The sectarian violence which has gripped Iraq over the past week has translated into a jump in the cost of oil per barrel, highlighting the need for new supplies of crude oil from stable markets like Canada and the United States to prevent price spikes.
According to the New York Times “amid the uncertainty, oil prices have been rising modestly in recent days. On Friday, Brent crude, the international benchmark, rose about 0.25 percent to $113.32. West Texas Intermediate, the standard in the United States, was up 0.1 percent to $106.66.” And as Time points out, “even if Iraq doesn’t collapse, the unrest will take a long-term toll on the country’s ability to produce oil—and that toll will be felt by consumers in the future.”
With the failure of its national army leaving the future of Iraq uncertain, it is clear that America’s reliance on the often-unstable member nations of OPEC to provide nearly 20% of its oil supply has the potential to drive up fuel costs and put the certainty of the country’s fuel supply at risk.
While we don’t know how the situation in Iraq will evolve over the next several weeks, we do know that the Keystone XL Pipeline will stabilize gas prices and shift the U.S. away from dependence on oil imported from outside North America:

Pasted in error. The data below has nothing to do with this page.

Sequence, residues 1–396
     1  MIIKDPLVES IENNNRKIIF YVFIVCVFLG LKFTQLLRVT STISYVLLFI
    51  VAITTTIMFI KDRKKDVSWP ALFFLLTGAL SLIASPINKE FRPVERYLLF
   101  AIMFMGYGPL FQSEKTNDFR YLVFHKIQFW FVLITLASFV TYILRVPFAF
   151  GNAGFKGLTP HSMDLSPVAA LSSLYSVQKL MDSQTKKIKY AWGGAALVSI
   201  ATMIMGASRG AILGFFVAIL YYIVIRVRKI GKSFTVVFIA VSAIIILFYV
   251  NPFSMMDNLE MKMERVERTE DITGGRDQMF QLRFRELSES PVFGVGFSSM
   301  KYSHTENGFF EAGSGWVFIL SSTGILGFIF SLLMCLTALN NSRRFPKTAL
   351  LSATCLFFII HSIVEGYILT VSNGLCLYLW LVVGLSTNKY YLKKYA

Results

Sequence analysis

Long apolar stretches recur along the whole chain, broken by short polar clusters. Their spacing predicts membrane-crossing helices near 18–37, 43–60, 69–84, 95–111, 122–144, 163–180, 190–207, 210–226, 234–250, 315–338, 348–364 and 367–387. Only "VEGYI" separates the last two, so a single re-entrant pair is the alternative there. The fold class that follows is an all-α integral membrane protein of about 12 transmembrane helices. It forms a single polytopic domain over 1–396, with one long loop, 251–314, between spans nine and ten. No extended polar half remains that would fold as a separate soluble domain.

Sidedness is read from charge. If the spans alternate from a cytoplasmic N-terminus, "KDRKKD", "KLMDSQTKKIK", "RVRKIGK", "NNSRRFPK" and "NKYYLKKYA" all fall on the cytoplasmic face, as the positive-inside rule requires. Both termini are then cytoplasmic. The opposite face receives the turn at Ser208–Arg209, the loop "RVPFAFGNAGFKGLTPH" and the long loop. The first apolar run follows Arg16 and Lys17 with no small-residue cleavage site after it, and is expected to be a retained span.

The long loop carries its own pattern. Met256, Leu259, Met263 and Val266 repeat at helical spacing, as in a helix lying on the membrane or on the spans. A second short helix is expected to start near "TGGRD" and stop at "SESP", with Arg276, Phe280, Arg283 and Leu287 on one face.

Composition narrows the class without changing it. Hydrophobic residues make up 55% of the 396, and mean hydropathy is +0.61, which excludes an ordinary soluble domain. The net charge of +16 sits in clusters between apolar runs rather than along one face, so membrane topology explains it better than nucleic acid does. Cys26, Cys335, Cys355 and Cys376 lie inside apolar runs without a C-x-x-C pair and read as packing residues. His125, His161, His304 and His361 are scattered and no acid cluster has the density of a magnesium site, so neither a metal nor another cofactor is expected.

- Canada is a friendly, reliable source of crude oil with whom the U.S. shares its most profitable trade partnership.
- The KXL will safely and reliably connect the world’s largest and most sophisticated refining hub in the Gulf Coast with the third largest oil reserves on the planet and the second largest oil-producing region in the United States.
- The 830,000 barrels of oil per day that will flow through Keystone XL will help reduce fuel prices for families coast to coast, and dramatically improve U.S. energy security by reducing reliance on Venezuelan and Middle Eastern oil.
The time is now to move forward on this important measure in securing America’s oil supply and making the country less dependent on the world’s most politically volatile regions.